Antarctic rescue ship's stop-off thwarted
- 10 January 2014
- From the section Science & Environment
BBC producer Andrew Luck-Baker was on board the Russian research vessel AK Shokalskiy when the ship became trapped in pack ice over Christmas. The 52 passengers were taken to an Australian Antarctic base aboard the ship Aurora Australis.
Andrew, who was covering an expedition for the BBC World Service's Discovery programme, reports on the mission to return the passengers home.
The Australian mercy mission icebreaker is being thwarted yet again in its attempt to unload cargo and fuel at Australia's Antarctic base, Casey.
The only compensation for the crew and passengers is that the Aurora Australis is cruising up and down what looks like a graveyard of gigantic icebergs, in a holding pattern for when the weather allows.
Master Murray Doyle lost two weeks when his vessel was ordered to assist the Academik Shokalskiy, the Russian ice-beset ship carrying the Australasian Antarctic Expedition 2013.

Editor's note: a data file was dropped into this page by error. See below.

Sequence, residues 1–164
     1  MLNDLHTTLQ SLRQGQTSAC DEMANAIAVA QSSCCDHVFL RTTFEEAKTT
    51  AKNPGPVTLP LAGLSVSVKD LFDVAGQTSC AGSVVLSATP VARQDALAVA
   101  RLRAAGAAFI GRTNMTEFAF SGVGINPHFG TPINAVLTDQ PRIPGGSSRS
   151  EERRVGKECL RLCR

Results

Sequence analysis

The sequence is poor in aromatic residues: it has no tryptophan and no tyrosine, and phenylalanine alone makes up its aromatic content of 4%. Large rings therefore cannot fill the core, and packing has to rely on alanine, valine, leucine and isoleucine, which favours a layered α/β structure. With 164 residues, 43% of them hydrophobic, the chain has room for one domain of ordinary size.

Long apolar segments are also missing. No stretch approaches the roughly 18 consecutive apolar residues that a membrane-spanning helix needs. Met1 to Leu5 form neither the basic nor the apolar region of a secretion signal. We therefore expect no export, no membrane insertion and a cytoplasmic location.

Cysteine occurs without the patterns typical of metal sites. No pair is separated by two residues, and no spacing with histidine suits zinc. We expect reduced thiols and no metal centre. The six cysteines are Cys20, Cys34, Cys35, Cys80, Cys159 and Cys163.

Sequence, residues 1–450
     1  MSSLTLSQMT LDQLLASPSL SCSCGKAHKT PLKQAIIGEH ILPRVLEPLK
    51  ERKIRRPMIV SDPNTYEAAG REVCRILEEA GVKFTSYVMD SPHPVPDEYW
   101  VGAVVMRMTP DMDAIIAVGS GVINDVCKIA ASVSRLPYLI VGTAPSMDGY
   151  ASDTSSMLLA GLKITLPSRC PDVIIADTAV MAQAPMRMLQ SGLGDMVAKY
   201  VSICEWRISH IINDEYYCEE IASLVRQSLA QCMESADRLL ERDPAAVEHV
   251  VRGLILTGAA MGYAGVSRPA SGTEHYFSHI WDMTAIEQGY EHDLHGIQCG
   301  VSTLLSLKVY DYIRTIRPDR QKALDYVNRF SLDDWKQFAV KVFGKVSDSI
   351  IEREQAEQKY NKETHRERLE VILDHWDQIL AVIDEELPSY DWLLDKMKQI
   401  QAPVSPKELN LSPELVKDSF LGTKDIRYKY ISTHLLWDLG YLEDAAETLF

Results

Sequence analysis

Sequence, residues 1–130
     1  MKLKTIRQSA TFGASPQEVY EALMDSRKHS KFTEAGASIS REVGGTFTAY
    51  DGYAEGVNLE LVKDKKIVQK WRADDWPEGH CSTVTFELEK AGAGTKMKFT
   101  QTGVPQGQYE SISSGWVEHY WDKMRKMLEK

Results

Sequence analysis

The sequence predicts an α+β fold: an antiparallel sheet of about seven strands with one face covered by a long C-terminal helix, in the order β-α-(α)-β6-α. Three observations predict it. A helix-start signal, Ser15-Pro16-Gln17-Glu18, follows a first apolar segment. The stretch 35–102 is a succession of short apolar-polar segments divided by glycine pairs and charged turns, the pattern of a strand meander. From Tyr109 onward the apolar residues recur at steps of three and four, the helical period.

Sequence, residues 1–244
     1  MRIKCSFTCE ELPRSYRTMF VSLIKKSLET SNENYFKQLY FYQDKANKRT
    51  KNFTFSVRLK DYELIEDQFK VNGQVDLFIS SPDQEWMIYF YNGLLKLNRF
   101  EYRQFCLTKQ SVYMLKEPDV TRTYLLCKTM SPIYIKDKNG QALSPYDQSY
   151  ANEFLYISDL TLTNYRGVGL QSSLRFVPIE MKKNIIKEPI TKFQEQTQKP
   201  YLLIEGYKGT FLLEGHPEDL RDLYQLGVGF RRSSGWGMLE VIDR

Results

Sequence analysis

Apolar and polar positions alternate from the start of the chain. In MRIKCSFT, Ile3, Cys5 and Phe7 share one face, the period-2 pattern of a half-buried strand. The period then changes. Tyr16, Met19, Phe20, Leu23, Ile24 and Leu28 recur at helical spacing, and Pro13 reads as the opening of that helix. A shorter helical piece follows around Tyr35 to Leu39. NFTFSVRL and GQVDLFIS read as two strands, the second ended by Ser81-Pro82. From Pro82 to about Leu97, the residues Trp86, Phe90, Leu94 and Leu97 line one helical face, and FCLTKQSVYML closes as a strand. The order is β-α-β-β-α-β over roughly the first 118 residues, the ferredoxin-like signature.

The Aurora returned to Casey on Tuesday 7 January. Six hours of offloading operations were ended with the arrival of bad weather.
Gusting at 40 to 50 knots, the strong south-easterly winds made the job too dangerous.
The ship has pulled back from the sheltered bay at Casey and is now travelling back and forth against a backdrop of spectacular icebergs, waiting for the weather to break.
The monsters in this iceberg alley or iceberg graveyard have all journeyed some distance from the east.
Some have made journeys of thousands of kilometres from the Ross Sea, on the prevailing circumpolar current which circulates around Antarctica from east to west.
Still others will have calved off large glaciers tens to hundreds of kilometres distant.
Many ice giants run aground in this sea area because of the relatively high shelf on the sea bed. The water depth is between 300 and 400m here.
The largest of the bergs rises several tens of metres above the sea surface.
The calving rate of icebergs from glaciers is predicted to increase as climate change proceeds in Antarctica.
Sights such as these may be more common in the frozen South in coming years and decades.